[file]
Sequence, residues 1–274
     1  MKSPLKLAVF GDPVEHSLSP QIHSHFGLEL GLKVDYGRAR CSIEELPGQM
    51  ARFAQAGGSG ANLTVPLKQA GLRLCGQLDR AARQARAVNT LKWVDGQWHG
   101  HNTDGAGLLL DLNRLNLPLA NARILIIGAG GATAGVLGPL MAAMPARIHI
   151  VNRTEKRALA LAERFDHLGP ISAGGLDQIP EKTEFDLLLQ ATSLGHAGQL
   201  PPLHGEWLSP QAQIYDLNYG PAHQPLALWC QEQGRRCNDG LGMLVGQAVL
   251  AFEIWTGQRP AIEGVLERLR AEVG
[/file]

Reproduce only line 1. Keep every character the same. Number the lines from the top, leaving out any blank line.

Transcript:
Sequence, residues 1–274